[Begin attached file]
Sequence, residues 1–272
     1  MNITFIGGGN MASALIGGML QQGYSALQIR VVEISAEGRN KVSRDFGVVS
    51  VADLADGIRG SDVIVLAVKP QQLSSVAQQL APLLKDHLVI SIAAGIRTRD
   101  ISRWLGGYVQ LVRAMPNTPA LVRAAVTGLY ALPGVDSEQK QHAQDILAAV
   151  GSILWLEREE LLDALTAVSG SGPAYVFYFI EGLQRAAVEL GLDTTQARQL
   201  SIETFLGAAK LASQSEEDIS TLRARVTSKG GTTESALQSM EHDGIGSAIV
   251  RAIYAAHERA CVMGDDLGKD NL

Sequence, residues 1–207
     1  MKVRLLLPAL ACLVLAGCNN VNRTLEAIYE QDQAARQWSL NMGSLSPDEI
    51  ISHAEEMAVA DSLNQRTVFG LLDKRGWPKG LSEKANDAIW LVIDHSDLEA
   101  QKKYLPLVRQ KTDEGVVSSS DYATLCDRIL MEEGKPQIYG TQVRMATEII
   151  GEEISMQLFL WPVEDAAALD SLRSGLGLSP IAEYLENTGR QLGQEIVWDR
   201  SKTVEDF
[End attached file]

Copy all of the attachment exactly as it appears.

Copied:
Sequence, residues 1–272
     1  MNITFIGGGN MASALIGGML QQGYSALQIR VVEISAEGRN KVSRDFGVVS
    51  VADLADGIRG SDVIVLAVKP QQLSSVAQQL APLLKDHLVI SIAAGIRTRD
   101  ISRWLGGYVQ LVRAMPNTPA LVRAAVTGLY ALPGVDSEQK QHAQDILAAV
   151  GSILWLEREE LLDALTAVSG SGPAYVFYFI EGLQRAAVEL GLDTTQARQL
   201  SIETFLGAAK LASQSEEDIS TLRARVTSKG GTTESALQSM EHDGIGSAIV
   251  RAIYAAHERA CVMGDDLGKD NL

Sequence, residues 1–207
     1  MKVRLLLPAL ACLVLAGCNN VNRTLEAIYE QDQAARQWSL NMGSLSPDEI
    51  ISHAEEMAVA DSLNQRTVFG LLDKRGWPKG LSEKANDAIW LVIDHSDLEA
   101  QKKYLPLVRQ KTDEGVVSSS DYATLCDRIL MEEGKPQIYG TQVRMATEII
   151  GEEISMQLFL WPVEDAAALD SLRSGLGLSP IAEYLENTGR QLGQEIVWDR
   201  SKTVEDF